The “Orange” writing staff is currently comprised of five women and two men […] Outside the cozy bubble of our room, only 30.5% of television writers are women. I don’t have any other statistics to share with you, as that was the only one easily available via Google. What I can tell you is that throughout every step of creating this show, I’m constantly struck by how many women I’m surrounded by—not just in the room, but beyond it: the cast, the crew, the people in charge on every level. It’s in stark contrast to the executive floor at the Important Studio, where without exception, every executive was male and 99% of the assistants were female. […]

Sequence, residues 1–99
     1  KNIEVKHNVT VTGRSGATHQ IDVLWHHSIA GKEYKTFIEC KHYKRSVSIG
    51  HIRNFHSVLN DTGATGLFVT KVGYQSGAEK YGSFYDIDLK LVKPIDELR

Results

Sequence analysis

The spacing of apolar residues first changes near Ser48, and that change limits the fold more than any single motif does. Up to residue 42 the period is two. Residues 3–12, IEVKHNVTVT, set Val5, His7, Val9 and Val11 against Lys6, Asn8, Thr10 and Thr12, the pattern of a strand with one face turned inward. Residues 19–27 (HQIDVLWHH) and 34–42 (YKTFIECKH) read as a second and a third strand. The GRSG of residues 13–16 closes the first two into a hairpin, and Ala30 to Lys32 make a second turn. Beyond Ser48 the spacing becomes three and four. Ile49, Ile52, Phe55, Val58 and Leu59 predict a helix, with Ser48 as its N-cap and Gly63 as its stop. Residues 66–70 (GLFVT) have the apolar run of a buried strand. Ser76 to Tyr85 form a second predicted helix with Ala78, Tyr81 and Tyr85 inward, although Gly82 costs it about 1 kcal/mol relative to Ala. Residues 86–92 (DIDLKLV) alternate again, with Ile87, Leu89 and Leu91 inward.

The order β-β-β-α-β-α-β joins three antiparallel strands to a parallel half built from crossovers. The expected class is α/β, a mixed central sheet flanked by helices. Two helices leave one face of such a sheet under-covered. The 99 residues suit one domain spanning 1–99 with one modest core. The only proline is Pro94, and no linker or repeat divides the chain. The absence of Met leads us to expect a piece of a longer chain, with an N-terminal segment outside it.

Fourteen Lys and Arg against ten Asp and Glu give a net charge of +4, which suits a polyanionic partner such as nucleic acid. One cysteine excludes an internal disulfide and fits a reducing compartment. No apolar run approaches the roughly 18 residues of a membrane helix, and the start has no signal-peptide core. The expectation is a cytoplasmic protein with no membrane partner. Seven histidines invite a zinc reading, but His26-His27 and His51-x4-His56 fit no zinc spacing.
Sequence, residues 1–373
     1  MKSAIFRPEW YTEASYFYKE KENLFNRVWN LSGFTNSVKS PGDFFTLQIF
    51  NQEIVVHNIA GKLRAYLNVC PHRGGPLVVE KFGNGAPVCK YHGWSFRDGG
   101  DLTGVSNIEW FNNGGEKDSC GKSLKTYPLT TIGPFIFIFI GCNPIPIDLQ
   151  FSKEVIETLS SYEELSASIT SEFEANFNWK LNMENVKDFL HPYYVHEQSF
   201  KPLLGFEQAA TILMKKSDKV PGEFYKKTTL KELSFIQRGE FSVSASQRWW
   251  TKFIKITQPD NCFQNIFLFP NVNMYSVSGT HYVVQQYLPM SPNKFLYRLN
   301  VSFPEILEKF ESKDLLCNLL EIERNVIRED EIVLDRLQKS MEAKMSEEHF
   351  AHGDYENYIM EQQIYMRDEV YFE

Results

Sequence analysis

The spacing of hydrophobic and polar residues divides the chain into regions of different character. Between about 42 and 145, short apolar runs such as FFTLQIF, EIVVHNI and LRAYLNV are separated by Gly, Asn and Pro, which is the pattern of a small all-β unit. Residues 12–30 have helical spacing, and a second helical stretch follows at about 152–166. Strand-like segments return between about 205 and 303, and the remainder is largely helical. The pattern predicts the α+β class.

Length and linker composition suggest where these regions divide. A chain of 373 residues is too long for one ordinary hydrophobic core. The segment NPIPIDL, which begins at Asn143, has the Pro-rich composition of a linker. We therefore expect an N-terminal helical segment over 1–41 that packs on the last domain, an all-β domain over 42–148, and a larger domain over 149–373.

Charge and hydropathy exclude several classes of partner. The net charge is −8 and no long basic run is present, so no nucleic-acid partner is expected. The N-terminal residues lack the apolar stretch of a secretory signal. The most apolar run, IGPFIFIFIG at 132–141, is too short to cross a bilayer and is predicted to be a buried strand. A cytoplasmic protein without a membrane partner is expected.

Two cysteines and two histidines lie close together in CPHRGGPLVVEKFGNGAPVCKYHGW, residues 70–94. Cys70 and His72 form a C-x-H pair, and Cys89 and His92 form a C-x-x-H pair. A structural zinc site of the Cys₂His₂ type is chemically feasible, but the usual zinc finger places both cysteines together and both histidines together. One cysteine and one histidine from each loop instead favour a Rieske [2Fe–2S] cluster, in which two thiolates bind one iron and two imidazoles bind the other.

I can’t tell you how our show will affect the landscape of television or how it advances the importance of diverse female narratives. I know casting the show was thrilling. The array of skin color and the range of bodies were unlike anything I’d seen on television before. Even on the frustrating days, when a script was due and I was convinced I was a talentless hack, I consoled myself by trusting that it felt important to be telling stories about women who are largely ignored in the mainstream media. In my more assured moments, I knew that we were attempting to give a voice to the miles that fall in between black and white, gay and straight, good and bad. That is: giving a voice to most humans.